Giant retroperitoneal lipomas in adults are scarce, with a total number of 17 cases described in the literature since 1980 [5-20] (Table 1). Subcutaneous lipomas are associated with hypercholesterolemia [21,22], obesity [23-25] and trauma [26], whereas such data does not exist for retroperitoneal lipomas. Moreover, the patient was not described positive for any of these factors. [27]. Retroperitoneal lipomas are usually asymptomatic for a long time before they cause abdominal swelling or symptoms due to obstruction or shifting of adjacent organs and structures. At this point, they may have already reached enormous size. This may be explained by the great retroperitoneal space that allows them to grow before they get symptomatic and the slowness of their enlargement. The diagnosis is based on a MRI (magnetic resonance imaging) or CT-scan, yet both imaging modalities may not exclude a well-differentiated liposarcoma. Furthermore, biopsies often remain inconclusive. The incidence of soft-tissue sarcomas in general is described with 4 cases per 100.000 and year [28], of which liposarcomas are the most common and are located in one third of cases in the retroperitoneum [29]. The incidence of retroperitoneal lipomas on the other hand is thought to be extremely rare. Hence, a well-differentiated liposarcoma may not be ruled out preoperatively, even if a benign lipoma is clinically suspected. Therefore, intraoperative judgment about tumor characteristics and subsequent decision making about the extent of resection is of great importance. Resection with negative margins (R0) is crucial to the patient’s prognosis in case of a liposarcoma, therefore a wide excision should be carried out if infiltrative growth is suspected or if there is any doubt about dignity [30]. Sole extirpation should be reserved for clearly circumscribed tumors. However, due to the enormous size of the tumor preoperative judgment about resectability based on CT-scans is difficult. Therefore, tumor debulking for symptom relief can also be discussed if oncological resection is not feasible. Due to the possible malignant nature of such retroperitoneal tumors resection should be carried out by a trained oncological surgeon in a center of excellence for soft-tissue sarcomas [30]. In this case the tumor was clearly demarcated macroscopically and without any sign of infiltrative growth. Moreover, the enormous size did not allow accomplishing an oncological correct resection. Thus, sole extirpation was performed. Since clinical and experimental data on tumor progression and tumor recurrence of retroperitoneal lipomas are lacking a close and regular follow-up is indicated.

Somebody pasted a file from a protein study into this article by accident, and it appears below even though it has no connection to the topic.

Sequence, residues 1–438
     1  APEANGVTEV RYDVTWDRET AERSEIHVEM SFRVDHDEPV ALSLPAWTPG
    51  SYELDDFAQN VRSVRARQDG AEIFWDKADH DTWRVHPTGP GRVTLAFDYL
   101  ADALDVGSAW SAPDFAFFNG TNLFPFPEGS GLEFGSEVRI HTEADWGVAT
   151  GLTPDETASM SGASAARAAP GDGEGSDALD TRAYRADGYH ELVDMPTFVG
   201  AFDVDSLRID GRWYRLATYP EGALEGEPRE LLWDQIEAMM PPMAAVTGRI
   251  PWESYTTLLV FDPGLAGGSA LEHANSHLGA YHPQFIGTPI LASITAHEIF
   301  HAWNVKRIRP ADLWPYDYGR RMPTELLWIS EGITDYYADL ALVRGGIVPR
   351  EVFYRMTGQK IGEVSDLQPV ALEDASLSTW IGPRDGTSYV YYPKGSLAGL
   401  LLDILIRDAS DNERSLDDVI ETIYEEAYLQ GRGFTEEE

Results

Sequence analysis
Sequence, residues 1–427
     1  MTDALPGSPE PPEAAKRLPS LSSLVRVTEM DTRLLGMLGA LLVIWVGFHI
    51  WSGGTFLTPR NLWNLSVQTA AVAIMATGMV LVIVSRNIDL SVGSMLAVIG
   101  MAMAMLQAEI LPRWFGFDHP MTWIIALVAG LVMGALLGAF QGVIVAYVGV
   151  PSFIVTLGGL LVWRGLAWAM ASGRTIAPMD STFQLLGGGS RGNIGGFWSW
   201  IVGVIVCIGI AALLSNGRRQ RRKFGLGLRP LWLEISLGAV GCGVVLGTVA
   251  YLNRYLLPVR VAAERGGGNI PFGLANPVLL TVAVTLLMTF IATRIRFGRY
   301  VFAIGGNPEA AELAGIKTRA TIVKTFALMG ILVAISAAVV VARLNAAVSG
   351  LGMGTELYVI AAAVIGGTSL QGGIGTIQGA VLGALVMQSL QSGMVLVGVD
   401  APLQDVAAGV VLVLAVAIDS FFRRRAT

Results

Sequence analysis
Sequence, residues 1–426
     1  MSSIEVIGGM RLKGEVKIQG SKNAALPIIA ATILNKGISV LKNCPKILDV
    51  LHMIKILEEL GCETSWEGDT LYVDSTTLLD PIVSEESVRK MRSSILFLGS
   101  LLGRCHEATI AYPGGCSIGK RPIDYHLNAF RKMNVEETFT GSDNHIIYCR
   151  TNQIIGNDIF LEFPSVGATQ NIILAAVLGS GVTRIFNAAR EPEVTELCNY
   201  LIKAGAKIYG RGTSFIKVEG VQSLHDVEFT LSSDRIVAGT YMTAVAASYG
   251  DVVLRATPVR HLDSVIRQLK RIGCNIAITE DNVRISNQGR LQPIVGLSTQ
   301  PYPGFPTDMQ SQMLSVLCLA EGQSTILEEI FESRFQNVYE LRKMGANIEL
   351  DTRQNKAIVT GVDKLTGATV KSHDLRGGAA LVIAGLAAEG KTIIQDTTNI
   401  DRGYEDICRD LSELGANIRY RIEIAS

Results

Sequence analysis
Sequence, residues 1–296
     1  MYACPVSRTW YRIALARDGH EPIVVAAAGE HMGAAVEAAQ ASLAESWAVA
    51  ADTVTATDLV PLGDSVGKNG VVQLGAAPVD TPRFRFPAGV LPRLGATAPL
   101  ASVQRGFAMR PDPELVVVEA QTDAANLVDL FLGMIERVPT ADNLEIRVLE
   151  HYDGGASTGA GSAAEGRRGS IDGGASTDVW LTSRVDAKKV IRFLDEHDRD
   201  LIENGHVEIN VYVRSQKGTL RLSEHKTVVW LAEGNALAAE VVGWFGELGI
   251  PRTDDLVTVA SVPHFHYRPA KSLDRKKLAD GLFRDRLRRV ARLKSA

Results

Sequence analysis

Retroperitoneal lipomas are a rare condition. The presented case points out that abdominal lipomas can grow to enormous size and cause clinically significant symptoms and, even if massively enlarged, are resectable with good clinical outcome. Further research is required to fully understand the underlying etiology and genetic mechanisms. The most important differential diagnosis is the more frequent well-differentiated liposarcoma, therefore oncological resection should always be considered.


Written informed consent was obtained from the patient for publication of this Case Report and any accompanying images. A copy of the written consent is available for review by the Editor-in-Chief of this journal.